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Governor Murphy Extends Deadlines of Various Environmental Statutes; Permit Delays Expected
Governor Murphy Extends Deadlines of Various Environmental Statutes; Permit Delays Expected

On May 2, 2020, Governor Murphy signed Executive Order No. 136 (EO 136), which extends the deadlines of certain State environmental statutes for the duration of the COVID-19 public health emergency, tolling current permitting approval timeframes such that it is expected to cause permitting delays. EO 136 affects development and construction, solid waste management, waste recycling, and soil and fill recycling. It also includes mandates that are applicable to the New Jersey Department of Environmental Protection (NJDEP) as a whole.

Development and Construction.  EO 136 affects application timelines for construction permits pursuant to the Waterfront Development Act, the Wetlands Act of 1970, the Coastal Area Facility Review Act (CAFRA), and the Flood Hazard Area Control Act, as well as their corresponding regulations. Pursuant to N.J.S.A 13:1D-32, NJDEP was required to approve or deny construction permits within 90 days of the application, or such application would be deemed approved. For that provision, as well as for N.J.S.A. 13:19-8 (CAFRA) and N.J.S.A. 58:16A-67 (Flood Hazard Area Control Act), EO 136 has tolled “[a]ll timeframes governing public notice, review, or final action on applications for, or renewals of permits, registrations, plans, petitions, licenses, rates, and other approvals” beginning on March 9, 2020, by each day during the Public Health Emergency. No permit applications submitted pursuant to these provisions will be deemed complete or approved if NJDEP fails to act within the prescribed statutory timeframes.

Solid Waste Management.  EO 136 notes that the 30 or 60 day NJDEP application review periods under N.J.S.A. 48:3-7 are “tolled, beginning on March 9, 2020, by each day during the Public Health Emergency,” and that “no request submitted pursuant to” N.J.S.A. 48:3-7 “shall be deemed complete or approved for failure to act within the prescribed timeframe.”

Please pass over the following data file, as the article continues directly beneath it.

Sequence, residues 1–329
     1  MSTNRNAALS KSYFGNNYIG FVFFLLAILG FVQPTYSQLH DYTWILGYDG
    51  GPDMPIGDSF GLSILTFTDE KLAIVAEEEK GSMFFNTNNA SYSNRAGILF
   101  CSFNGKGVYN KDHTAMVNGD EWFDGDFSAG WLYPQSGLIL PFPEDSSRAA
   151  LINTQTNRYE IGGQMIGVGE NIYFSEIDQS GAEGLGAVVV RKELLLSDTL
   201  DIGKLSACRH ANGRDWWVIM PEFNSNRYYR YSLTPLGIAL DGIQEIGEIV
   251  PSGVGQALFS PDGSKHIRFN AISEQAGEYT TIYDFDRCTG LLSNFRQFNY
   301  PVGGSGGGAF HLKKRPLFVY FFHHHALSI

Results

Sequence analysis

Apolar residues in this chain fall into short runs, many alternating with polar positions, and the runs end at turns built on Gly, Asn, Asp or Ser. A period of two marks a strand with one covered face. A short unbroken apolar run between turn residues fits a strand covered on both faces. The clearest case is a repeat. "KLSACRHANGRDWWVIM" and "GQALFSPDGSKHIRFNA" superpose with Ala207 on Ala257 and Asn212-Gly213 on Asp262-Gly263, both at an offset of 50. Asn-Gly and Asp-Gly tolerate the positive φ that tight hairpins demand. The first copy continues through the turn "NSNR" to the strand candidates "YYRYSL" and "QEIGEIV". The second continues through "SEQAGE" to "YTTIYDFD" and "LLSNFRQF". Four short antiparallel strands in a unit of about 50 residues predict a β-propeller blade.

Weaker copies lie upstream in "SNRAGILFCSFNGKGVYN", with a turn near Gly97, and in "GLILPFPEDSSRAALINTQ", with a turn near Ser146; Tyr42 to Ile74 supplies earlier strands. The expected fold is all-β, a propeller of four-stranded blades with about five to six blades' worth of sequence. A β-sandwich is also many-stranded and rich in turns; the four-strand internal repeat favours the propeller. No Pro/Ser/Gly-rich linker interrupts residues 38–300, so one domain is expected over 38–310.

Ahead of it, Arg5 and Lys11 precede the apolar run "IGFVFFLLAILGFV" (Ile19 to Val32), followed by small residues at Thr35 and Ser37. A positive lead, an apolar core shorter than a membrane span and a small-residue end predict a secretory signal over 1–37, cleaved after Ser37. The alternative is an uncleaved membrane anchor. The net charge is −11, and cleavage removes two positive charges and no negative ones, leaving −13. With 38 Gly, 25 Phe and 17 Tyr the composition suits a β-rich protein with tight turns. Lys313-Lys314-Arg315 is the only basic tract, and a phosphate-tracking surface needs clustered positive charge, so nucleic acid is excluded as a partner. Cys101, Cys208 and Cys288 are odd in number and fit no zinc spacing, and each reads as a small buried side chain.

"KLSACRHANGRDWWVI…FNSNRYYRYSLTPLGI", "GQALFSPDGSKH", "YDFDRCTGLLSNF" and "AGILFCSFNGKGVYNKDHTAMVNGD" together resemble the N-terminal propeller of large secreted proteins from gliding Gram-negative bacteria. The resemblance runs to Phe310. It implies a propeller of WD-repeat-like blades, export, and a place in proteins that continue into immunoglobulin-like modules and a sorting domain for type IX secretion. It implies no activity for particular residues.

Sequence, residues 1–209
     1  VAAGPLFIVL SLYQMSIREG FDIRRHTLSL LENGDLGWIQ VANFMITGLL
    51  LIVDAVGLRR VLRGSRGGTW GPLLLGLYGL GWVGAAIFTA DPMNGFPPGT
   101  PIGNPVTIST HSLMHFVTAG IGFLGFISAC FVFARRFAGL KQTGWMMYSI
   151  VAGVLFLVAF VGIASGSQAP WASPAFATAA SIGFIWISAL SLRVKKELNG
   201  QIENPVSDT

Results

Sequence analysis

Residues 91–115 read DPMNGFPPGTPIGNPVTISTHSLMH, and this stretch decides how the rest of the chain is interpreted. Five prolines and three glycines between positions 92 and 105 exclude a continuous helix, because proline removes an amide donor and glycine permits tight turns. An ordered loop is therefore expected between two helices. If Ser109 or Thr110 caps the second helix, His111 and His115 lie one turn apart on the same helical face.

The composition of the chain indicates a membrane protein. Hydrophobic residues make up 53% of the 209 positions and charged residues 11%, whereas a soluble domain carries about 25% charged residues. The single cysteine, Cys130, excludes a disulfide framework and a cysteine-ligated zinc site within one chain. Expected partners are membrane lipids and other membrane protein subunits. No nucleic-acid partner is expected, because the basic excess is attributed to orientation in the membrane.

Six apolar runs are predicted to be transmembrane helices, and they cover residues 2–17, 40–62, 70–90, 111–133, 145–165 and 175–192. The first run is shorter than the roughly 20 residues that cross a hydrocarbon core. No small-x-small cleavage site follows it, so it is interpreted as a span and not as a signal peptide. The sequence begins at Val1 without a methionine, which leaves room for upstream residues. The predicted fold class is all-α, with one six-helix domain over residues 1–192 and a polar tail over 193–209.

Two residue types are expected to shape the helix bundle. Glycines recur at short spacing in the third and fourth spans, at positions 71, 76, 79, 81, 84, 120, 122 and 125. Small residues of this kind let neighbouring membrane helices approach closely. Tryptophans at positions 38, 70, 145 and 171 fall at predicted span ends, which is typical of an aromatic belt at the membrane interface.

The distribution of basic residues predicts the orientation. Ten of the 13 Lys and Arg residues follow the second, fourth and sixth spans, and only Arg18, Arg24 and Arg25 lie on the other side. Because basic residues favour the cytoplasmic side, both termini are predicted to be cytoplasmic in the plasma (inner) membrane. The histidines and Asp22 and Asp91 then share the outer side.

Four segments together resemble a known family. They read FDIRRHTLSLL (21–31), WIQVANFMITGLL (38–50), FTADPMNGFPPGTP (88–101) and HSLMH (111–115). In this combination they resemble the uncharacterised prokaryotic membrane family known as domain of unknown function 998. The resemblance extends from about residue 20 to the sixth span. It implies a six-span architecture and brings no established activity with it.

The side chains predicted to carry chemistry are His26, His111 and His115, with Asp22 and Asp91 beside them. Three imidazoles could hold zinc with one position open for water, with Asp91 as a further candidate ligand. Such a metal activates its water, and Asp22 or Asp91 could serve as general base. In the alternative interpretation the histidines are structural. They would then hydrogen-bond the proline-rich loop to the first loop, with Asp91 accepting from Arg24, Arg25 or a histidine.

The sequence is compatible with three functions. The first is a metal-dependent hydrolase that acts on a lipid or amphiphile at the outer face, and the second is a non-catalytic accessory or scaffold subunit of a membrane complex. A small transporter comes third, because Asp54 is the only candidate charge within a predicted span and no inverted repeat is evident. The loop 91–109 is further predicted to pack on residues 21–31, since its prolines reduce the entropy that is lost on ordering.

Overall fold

Waste Recycling.  The following recycling requirements are extended by 60 days:

  • the deadline for a municipality’s governing body to submit its yearly recycling tonnage report to NJDEP (under N.J.S.A. 13:1E-99.16.e); and
  • the deadline for recyclers, manufacturers, collection locations and local government units who collect electronic device waste to submit their semiannual report to NJDEP (pursuant to N.J.S.A. 13:1E-99.105c).

Soil and Fill Recycling.  The following Dirty Dirt Law time limits are extended by the number of days of the Public Health Emergency plus an additional 60 days:

  • businesses’ time to register with NJDEP to engage in soil and fill recycling services (pursuant to N.J.S.A. 13:1E-127.1);
  • NJDEP’s time to review and issue such registration;
  • the deadline after which a business may not engage in soil and fill recycling services without a valid registration; and
  • the timeframe for a registrant to submit an administratively complete license application to the Attorney General.

The Order also directs the Commissioner of NJDEP to extend all regulatory timeframes for accepting public comments on “applications for, or renewals of permits, registrations, plans or other approvals where necessary to ensure adequate public participation.” EO 136 authorizes NJDEP to “establish earlier timeframes for review and decisions on specific permit applications” in certain circumstances, although these circumstances are not defined.

Executive Order 136 takes effect immediately. Connell Foley will continue to monitor the situation and provide updates as necessary.

  • Ryan A. Benson
    Associate

    Ryan Benson focuses on environmental and real estate and land use law. He assists clients on a wide range of related issues, including permitting (e.g., freshwater wetlands, flood hazard area and waterfront development), sewer ...

  • Agnes  Antonian
    Partner

    As Chair of Connell Foley's Environmental Law practice group, Agnes Antonian draws on her engineering background to address a broad range of complex environmental litigation and land use matters. Her environmental litigation ...

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